Tuesday, May 20, 2008

Choose Your Own Adventure

I've been deep into Areia this week (and last). I realized after I had completed the book that I'd used the first 300 or so pages to really get to know the character and the way the world worked. I mean, by the end of the book, I'd completely reworked the laws governing magic during these pages, changed Areia's opinion on the Temple of Shadow and Light where she's currently training, and added new, very key secondary characters, which altered Areia again. While fascinating for me, this is not so great for the audience. The pacing was flat, the character growth elongated through too many repetitive encounters, and the enemies were too late coming on the scene. Plus, Areia was reading too perfect. She's not perfect. She's a moody fourteen-year-old girl chosen by the goddesses to work with magical power--a power that starts to fail her, too. So she's got problems. Lots of them.

Thus, my task has been to make those problems and Areia believable, make the magic rules completely soundproof, build up character relationships better, and all the while not bore the reader with too much extraneous information. Which means I've been hunting and pecking through 300 pages (well, 200, since pages 1-100 were already sorted through for chapters 1-5) for the juicy bits and adding in filler as needed. I did my first run through for this chapter by hand, editing the printed pages and writing the new scenes in a notebook. Now I'm typing it all up and I find myself thinking back to the Choose Your Own Adventure novels that I used to read when I was in the sixth grade. You know the ones where there would be a page of a scene, and at the bottom it would say something like:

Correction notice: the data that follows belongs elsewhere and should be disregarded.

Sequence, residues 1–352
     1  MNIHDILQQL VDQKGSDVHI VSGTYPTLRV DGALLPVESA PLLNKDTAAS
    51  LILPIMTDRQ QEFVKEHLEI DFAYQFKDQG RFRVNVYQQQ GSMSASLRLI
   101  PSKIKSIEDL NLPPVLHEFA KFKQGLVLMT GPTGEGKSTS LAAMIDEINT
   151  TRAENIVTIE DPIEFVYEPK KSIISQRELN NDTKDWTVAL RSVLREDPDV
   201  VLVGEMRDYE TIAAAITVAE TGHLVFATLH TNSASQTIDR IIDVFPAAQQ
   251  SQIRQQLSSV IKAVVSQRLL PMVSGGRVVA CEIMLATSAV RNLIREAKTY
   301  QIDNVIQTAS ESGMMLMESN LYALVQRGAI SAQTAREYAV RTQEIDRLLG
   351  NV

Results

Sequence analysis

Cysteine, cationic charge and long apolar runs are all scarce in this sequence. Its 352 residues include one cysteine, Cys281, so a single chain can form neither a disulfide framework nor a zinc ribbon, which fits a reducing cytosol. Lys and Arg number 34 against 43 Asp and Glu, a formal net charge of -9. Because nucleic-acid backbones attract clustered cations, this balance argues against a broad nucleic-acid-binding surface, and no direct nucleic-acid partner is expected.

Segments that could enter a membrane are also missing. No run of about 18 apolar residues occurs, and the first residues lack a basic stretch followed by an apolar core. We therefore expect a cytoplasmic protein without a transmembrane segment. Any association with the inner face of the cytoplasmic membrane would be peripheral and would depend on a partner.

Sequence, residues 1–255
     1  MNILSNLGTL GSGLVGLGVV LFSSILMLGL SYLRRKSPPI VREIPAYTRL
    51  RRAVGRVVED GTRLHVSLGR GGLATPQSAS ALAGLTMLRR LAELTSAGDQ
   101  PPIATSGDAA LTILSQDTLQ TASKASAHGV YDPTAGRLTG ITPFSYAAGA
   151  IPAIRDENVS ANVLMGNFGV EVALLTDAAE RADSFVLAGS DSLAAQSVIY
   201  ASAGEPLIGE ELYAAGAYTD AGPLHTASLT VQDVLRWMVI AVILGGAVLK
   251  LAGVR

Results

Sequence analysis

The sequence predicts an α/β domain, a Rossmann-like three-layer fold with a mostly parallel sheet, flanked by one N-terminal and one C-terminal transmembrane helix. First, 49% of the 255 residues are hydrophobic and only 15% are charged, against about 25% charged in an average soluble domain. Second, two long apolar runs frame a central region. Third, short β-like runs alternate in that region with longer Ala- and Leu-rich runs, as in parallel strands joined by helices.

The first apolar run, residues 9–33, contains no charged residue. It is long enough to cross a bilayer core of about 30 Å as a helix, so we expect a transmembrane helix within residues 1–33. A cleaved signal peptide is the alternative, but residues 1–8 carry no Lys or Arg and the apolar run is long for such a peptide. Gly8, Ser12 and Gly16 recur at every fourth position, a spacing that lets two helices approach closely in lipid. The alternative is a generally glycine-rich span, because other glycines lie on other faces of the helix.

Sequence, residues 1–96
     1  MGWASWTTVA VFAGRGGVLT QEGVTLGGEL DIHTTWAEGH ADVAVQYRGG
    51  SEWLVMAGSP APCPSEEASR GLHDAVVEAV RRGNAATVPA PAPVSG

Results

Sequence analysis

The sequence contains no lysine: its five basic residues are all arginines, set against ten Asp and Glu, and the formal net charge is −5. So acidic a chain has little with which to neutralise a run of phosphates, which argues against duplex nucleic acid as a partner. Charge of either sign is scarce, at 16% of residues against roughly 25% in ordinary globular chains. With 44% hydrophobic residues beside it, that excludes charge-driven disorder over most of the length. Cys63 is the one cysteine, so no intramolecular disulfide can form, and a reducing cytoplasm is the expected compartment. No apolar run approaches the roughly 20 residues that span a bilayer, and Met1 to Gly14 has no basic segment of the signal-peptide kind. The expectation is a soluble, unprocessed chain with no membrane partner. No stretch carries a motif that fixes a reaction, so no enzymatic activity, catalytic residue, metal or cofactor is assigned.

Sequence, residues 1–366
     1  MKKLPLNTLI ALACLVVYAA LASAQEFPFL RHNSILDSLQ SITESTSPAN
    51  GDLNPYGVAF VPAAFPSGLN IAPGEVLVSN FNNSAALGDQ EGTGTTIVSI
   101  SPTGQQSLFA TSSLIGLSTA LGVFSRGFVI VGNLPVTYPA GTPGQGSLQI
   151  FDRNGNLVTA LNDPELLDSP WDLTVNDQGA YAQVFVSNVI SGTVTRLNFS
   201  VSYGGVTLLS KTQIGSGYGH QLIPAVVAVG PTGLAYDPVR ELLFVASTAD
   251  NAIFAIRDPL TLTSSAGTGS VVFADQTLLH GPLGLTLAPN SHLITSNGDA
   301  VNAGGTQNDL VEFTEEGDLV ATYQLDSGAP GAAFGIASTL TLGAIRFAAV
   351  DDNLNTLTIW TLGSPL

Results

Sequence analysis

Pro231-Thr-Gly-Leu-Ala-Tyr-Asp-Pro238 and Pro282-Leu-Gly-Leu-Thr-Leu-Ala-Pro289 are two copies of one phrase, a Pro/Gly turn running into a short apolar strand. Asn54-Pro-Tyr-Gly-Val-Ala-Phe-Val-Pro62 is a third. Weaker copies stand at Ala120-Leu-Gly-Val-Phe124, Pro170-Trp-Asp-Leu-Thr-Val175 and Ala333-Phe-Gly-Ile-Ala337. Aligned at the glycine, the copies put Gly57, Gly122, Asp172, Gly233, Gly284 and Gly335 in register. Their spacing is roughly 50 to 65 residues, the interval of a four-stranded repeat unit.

• To throw Bobby off a cliff, turn to page 44.
  • To rescue Bobby with a giant hammock flown in by a helicopter, turn to page 92.

Only I can't remember now if it revealed what the next scene would be or if it was more mysterious:

  • To have Bobby go down the left trail, turn to page 84.
  • To have Bobby experience something he's never done before, turn to page 72.

(I'd definitely go to page 72 in this choice.)

So that's how my rewrites have been going: Skip from page 289 back to 144, add in the text marked "triangle with a circle plus an X through it*" in my handwritten notebook, then skip to page 201. (*I make myself reference notes on the printed pages that refer to my handwritten notebook by using hieroglyphic-type marks like the triangle with a circle plus an X through it. That way I don't get confused by numbered notations. Also, I get to doodle for a moment.)

But I'd forgotten another thing about the Choose Your Own Adventure novels: after the first two or three, they became boring. I always wanted more story. I hated that so many plot lines led back to the same ending. I wanted a longer book. I wanted more character development. Which is why I stopped reading those books. So, while patching together this chapter scene by non-linear scene has been interesting, I'm looking forward to the second round of edits where page 20 will be followed by page 21. And as far as wanting more, well, I've got another 1,000 pages to go.

1 comment:

Kate said...

I love your analogy. :) (And I loved those Choose-Your-Own Adventure books, too!) I bet it'll seem almost easy when you get to just read your book "in order" on the next round.